Mixing It Up

Mixing form, color and texture in A Garden For All by Kathy Diemer http://agardenforall.com

Mixing form, color and texture (photo by: Kathy Diemer)

One of the most common questions I’m asked when people visit my gardens is how to select and combine plants so that they look great together.  How to choose bloom and foliage colors? Which heights work best?  When to consider texture?  Are there plants that don’t require much maintenance?  And how about keeping the critters away? It’s a tall order to answer all of these questions in detail, but I’ll share some of the tips that have worked best for me . . .

Combine plants you love in A Garden For All by Kathy Diemer http://agardenforall.com

Combine plants you love (photo by: Kathy Diemer)

First and foremost, select plants that you love.  Despite what anyone says, if you start with a few “can’t live without” plants, the rest of your garden will evolve from there.  That doesn’t mean you can plant a tropical zone 8 banana in zone 4, but if you visit a local nursery (or peruse the many plant catalogs that have been filling your mail box lately) I’m sure you’ll discover dozens of plants with qualities you simply can’t resist, that are hardy to your zone and growing conditions.  And this process can be used whether you’re starting a new garden or changing-up an old one that hasn’t been looking up to par.

Pairing plants with similarities in A Garden For All by Kathy Diemer http://agardenforall.com

Pairing plants with similarities (photo by: Kathy Diemer)

Deciding how to group your plants is also entirely up to you and what appeals to you.  Think about the way you decorate your home, if you like a contemporary look, you may want less color and more structure. On the other hand, if you love a French country feeling, you may prefer lots of blossoms and plants that trail loosely into the walkway.  I have never followed any garden rules when I design my gardens, I simply pair what looks good to me.  As long as you’re providing the proper soil and sunlight requirements, the sky is the limit.  I mix tall plants and short plants at the front of my border; as long as they don’t block the view to other areas of the garden.  I don’t plant large masses of one type of plant, instead I chose similar attributes such as variegated foliage or leaf color to promote a cohesive feeling.

Rudbeckia provides long season bloom in A Garden For All by Kathy Diemer http://agardenforall.com

Rudbeckia provides long season bloom (photo by: Kathy Diemer)

If having long season bloom is important, you’ll want to research flowering times and duration for your plants.  For example, many catmints (nepeta) bloom in spring and can be sheared to bloom again through summer. Black eyed Susan, Rudbeckia fulgida ‘Goldsturm’, is a reliable bloomer in my sunny garden from July through September.  Finding out when and how long plants bloom will help when you decide which to plant where.  Just as you would change a light fixture, relocate a couch, or add a few pillows to revive a room’s scheme, it’s equally simple to move a plant if it doesn’t look great with the surrounding companions.  This doesn’t hold true for trees and large shrubs, however, so use  care when siting these.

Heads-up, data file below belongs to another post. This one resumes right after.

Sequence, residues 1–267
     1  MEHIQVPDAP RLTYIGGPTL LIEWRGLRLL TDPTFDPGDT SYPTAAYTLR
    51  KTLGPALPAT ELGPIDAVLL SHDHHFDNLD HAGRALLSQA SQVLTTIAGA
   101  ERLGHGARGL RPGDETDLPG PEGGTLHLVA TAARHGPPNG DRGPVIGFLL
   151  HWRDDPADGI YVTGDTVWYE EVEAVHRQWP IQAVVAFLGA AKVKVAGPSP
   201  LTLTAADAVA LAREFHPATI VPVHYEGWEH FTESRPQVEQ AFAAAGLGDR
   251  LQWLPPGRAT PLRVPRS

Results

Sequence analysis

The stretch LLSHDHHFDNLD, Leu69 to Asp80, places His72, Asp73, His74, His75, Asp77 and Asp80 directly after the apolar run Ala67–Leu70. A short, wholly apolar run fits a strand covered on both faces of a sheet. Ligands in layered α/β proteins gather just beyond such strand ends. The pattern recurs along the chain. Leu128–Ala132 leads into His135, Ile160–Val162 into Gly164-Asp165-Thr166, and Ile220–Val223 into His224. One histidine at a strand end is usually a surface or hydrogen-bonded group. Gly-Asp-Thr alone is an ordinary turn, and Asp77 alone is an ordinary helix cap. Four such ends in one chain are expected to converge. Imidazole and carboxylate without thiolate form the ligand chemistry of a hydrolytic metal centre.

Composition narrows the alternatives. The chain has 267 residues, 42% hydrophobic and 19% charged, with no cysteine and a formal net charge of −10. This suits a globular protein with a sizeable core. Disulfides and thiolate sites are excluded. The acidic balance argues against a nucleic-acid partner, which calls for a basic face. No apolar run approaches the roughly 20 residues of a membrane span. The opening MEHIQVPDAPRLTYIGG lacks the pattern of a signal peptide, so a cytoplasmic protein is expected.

Combine shrubs with perennials in A Garden For All by Kathy Diemer http://agardenforall.com

Combine shrubs with perennials (photo by: Kathy Diemer)

To avoid conflict of bloom and to ease in the maintenance process, I focus on foliage (color, shape and size), form (height and stature) and texture (soft or spiky).  Incorporating smaller shrubs has provided lots of options for these qualities, while keeping maintenance to a minimum.  When selecting shrubs, consider evergreens and deciduous, as both offer wonderful ranges of hue and flower choices.  You can add another element of surprise by under-planting a few spots with spring bulbs (daffodils for cheer, alliums for pizzazz).  Perennials make fabulous  partners with bulbs and shrubs, and if you maintain your focus on similarities, everything will meld beautifully.

Planting herbs in the garden in A Garden For All by Kathy Diemer http://agardenforall.com

Fennel & lovage in the garden (photo by: Kathy Diemer)

The last word I’d like to share is herbs.  Using herbs in an ornamental garden setting is not only attractive, but beneficial in repelling many critters as well.  Like perennials and shrubs, herbs come in a variety of shapes, sizes and colors, and are worthy of incorporating into your design.  The feathery stems of bronze fennel add texture and softness, while providing food for you and the swallowtail caterpillar.  Lovage is another statuesque herb, which produces bright yellow flowers in summer and celery flavored stems for your salad.  Though shorter, thyme and sage are equally tasty members of the herb clan that hold their foliage well into winter. And for those with grazing visitors, the scent of herbs is a natural deterrent that may protect your new plantings for years to come.

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Comments

  1. Thanks for all the great info, the Gardens are GORGEOUS!!!!! We know where you spend all your spare time….

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